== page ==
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CFTC fills vacancies with new commissioner, chief economist

Joe Mont | August 30, 2017

Earlier this month, Brian Quintenz was officially sworn in to serve as a commissioner on the Commodity Futures Trading Commission, the federal agency that oversees the commodity futures, options and swaps industry. His term expires in April 2020.

“I am honored to be among the first to congratulate Brian on joining the Commission,” said Chairman J. Christopher Giancarlo. “I look forward to working with him in the critical role the Commission plays in regulating the derivatives markets.”

Prior to his appointment to the CFTC, Quintenz founded and served as the managing principal and chief investment officer of Saeculum Capital Management, a registered Commodity Pool Operator that specialized in risk management and technical analysis investment strategies.

Quintenz started his career in finance at Hill-Townsend Capital, a registered investment advisor established to focus solely on U.S. bank and financial company investment opportunities. While there, he performed valuation analysis on regional and global banks, projected future earnings estimates, and implemented proprietary hedging strategies.

Prior to working in the financial markets, Quintenz worked for Ohio Congresswoman Deborah Pryce and ultimately became her senior policy advisor.

Quintenz graduated magna cum laude from Duke University with a major in Public Policy Studies and received an MBA from Georgetown University McDonough School of Business, where he was inducted into the Phi Beta Gamma honors society.

Quintenz, for now, will serve alongside fellow commissioner Sharon Bowen. In June, she announced her decision to depart the agencystep down at a June 20 meeting of the Commodity Futures Trading Commission’s Market Risk Advisory Committee.

“Why am I doing this? The answer is simple: because, since the departure of former Chairman Timothy Massad, the work of this agency has been hampered by only having a two-person Commission when we should be a five-person Commission,” she said. “In fact, we have not been a five-person Commission since the departure of Commissioner Scott O’Malia in August 2014.”

“Having just two Commissioners makes routine business difficult, but makes important policy decisions almost impossible,” she added. “Without a full complement of commissioners to consider the far-reaching implications of our decisions, we are frozen in place while the markets we regulate are moving faster every day. This fact is intolerable to me… My hope is thus that by leaving early, I can inspire the key decision-makers to confirm four nominees as soon as possible.”

Bowen, who has served on the Commission since 2014, expressed her admiration for the work the agency does and the leadership of Chairman Giancarlo.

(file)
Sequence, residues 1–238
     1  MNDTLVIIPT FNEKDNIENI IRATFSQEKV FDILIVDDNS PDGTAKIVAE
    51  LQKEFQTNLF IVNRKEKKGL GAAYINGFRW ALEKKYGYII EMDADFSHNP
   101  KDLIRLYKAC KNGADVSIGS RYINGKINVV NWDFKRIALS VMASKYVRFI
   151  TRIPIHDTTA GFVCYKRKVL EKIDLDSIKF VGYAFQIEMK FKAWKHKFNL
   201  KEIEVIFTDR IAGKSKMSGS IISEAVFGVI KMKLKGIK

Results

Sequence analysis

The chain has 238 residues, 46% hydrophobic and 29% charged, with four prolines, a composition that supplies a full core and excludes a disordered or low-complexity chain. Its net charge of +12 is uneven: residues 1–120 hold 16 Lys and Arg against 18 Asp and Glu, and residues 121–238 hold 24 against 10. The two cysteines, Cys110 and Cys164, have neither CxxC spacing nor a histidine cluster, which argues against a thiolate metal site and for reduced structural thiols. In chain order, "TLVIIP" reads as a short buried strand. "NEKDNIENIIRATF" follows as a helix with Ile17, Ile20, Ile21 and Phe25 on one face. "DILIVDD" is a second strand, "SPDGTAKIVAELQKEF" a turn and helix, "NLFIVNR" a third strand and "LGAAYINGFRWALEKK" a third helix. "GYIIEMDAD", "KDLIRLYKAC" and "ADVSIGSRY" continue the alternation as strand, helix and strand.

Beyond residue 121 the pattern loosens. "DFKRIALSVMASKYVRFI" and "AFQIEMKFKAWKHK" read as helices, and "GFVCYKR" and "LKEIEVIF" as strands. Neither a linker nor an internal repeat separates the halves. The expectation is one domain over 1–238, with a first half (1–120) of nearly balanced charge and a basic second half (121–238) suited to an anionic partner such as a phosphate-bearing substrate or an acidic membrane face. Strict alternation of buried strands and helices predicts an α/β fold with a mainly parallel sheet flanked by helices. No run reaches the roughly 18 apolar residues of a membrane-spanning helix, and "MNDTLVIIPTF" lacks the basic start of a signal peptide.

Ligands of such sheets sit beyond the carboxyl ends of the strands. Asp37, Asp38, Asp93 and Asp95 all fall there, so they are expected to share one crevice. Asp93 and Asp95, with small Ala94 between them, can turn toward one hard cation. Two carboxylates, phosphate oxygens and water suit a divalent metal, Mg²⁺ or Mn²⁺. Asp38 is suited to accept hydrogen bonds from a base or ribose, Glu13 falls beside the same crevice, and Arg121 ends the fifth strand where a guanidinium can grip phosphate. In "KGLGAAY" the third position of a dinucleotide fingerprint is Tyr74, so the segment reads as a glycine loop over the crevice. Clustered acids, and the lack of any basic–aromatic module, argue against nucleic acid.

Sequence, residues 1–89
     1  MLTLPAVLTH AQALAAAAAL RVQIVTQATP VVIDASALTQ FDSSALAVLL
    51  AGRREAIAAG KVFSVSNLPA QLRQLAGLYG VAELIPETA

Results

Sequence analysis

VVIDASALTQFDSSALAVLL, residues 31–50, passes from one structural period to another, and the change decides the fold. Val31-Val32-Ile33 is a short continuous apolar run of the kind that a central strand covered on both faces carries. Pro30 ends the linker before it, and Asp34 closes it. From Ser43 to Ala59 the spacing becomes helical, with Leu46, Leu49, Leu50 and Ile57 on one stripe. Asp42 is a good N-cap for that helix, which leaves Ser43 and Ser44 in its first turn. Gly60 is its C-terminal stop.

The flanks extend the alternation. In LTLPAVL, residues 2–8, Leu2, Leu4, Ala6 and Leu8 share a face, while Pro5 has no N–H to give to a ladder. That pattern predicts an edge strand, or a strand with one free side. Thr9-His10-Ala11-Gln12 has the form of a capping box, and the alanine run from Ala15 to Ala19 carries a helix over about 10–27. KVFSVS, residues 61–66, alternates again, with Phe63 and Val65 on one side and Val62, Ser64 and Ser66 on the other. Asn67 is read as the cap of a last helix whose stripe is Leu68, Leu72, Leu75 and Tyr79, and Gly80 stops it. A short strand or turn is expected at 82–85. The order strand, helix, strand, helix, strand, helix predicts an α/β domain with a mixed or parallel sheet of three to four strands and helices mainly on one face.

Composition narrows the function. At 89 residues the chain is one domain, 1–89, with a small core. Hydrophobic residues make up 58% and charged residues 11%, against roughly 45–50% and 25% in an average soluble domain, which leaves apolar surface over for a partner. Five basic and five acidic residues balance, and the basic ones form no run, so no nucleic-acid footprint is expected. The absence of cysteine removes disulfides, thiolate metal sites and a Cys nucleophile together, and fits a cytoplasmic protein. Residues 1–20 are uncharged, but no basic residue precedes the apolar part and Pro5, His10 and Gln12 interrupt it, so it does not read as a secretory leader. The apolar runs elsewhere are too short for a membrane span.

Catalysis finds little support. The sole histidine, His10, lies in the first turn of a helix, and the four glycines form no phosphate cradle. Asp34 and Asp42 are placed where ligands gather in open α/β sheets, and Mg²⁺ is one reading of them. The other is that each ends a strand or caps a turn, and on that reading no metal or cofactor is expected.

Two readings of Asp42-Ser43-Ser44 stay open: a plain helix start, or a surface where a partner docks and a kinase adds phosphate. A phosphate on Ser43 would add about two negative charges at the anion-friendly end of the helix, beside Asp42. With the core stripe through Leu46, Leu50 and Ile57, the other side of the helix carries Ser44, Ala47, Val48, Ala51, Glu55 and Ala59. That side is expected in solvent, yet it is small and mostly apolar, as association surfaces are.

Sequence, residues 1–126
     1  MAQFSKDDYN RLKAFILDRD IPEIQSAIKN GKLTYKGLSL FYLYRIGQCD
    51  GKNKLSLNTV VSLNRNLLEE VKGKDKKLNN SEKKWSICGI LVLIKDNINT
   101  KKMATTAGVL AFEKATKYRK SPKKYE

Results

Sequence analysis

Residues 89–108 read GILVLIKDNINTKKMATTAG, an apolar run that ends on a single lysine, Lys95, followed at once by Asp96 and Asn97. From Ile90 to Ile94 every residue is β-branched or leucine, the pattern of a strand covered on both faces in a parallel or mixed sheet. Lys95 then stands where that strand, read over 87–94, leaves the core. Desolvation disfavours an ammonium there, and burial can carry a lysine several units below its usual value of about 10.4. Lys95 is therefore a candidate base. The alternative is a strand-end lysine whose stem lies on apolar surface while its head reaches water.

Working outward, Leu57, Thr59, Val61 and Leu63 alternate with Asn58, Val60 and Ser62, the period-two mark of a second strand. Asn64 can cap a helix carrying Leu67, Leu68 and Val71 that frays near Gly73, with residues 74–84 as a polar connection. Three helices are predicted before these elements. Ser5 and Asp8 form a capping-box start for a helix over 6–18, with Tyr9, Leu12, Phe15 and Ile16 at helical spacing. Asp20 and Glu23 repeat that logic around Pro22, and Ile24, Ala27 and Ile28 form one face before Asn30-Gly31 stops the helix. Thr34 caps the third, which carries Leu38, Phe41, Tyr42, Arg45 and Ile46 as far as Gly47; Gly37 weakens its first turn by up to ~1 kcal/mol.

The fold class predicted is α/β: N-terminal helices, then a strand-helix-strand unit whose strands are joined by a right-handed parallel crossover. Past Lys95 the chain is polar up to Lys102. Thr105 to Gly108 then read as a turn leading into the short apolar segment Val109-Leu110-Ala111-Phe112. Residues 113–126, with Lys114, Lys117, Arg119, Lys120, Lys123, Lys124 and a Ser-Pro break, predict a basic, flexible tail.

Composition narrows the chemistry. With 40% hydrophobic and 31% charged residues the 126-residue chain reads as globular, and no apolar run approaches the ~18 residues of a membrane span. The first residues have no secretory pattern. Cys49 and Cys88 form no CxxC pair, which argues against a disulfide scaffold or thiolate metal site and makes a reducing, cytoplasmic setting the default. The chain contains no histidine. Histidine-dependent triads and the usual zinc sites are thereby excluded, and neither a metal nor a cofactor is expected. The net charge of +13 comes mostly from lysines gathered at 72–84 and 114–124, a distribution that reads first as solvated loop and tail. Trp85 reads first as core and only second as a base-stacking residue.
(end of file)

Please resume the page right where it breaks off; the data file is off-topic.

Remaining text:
Bowen did not announce an exact date for her departure.

Giancarlo also appointed Bruce Tuckman, an internationally-recognized economist and expert in modern derivatives markets, as the agency’s chief economist. He also appointed former Chief Economist Sayee Srinivasan as special advisor in the Chairman’s Office.

Tuckman will begin leading the Office of the Chief Economist on Sept. 5. OCE provides economic advice to the Commission and conducts research on policy issues critical to the agency. The office also plays an integral role in the implementation of new financial market regulations by providing economic expertise and cost-benefit considerations underlying those regulations.

Tuckman joins the CFTC from New York University’s Stern School of Business, where he was a clinical professor of finance. His recent writings have focused on financial markets policy, including the role of derivatives during the crisis and the post-crisis regulation of derivatives. His leading textbook on fixed income markets is now in its third edition.

Prior to NYU Stern, Tuckman held leadership and management positions in the prime services and fixed income divisions of Barclays Capital and Lehman Brothers. He began his career in the financial industry at Salomon Brothers.

Tuckman is a summa cum laude graduate of Harvard College with an A.B. in Statistics and Economics. He holds a Ph.D. in Economics from the Massachusetts Institute of Technology.

Srinivasan has served as chief economist since December 2013, advising the Commission and staff on a broad range of issues pertaining to derivatives and related markets. Under his leadership, OCE has helped design, finalize and implement multiple Dodd-Frank Act rules, and continued the tradition of informative economic research into the U.S. futures and swaps markets. Srinivasan led CFTC in the Joint Staff Report on the Oct. 15, 2014 flash event in the U.S. Treasury Markets.

Prior to joining CFTC in January 2012, Srinivasan worked in market and product development roles for Bombay Stock Exchange and National Stock Exchange of India, Chicago Mercantile Exchange and OptiMark Technologies. He has a Bachelor’s degree in Commerce and an MBA from University of Bombay, and a masters and PhD in economics from University of Texas at Austin.